Triple Negative Breast Cancer

Staging & Grading

Staging enables your doctor to develop the best treatment plan for your diagnosis. Along with considering the results of your physical exam, imaging studies and laboratory tests, your doctor will classify and stage the breast cancer according to the tumor, node and metastasis (TNM) system developed by the American Joint Committee on Cancer (AJCC).

In this system, the tumor (T) is categorized according to its size and location; the node (N) category describes whether cancer cells are found in lymph nodes; and the metastasis (M) category indicates whether the cancer has metastasized, or spread, to other parts of the body, such as the bones, brain, liver or lungs (see Table 1). The stage is described by Roman numerals from 0 to IV and the letters A, B or C, if applicable (see Table 2).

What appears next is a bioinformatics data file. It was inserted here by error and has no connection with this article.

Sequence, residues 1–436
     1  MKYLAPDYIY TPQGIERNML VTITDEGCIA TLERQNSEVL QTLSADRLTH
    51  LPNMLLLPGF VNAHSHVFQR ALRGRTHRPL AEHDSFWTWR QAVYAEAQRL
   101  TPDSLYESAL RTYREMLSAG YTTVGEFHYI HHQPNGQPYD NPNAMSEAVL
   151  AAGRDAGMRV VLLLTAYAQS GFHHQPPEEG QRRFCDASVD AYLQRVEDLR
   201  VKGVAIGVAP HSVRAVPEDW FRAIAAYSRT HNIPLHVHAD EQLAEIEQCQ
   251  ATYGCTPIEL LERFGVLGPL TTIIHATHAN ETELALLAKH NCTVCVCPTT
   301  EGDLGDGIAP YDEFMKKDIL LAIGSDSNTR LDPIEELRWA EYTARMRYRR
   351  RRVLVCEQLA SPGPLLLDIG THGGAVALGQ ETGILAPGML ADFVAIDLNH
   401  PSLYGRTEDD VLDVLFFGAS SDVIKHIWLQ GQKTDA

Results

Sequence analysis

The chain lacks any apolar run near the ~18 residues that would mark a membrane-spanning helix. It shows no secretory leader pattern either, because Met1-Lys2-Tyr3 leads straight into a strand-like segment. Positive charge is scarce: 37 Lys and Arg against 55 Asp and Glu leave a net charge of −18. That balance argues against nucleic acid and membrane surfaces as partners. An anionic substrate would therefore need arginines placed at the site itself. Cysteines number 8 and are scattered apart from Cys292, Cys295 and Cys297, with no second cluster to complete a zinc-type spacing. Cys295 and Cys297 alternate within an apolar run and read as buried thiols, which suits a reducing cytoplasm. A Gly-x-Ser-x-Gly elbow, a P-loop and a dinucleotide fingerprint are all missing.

Breast cancer is also classified into subtypes based on molecular or genetic changes. Identifying the subtype is important because treatments and monitoring milestones, such as the length of time without progression and response to therapy, will vary by subtype. As a result, AJCC recommends molecular testing along with staging to identify the most effective therapy. Tumors can be tested for proteins produced either by the cancer cells themselves or other cells in response to cancer as well as for genetic mutations (see Genetic Testing). Results of multi-gene panels, such as MammaPrint, Oncotype DX 21-gene recurrence score, PAM 50 (Prosigna), and the Breast Cancer Index may be considered to guide treatment planning.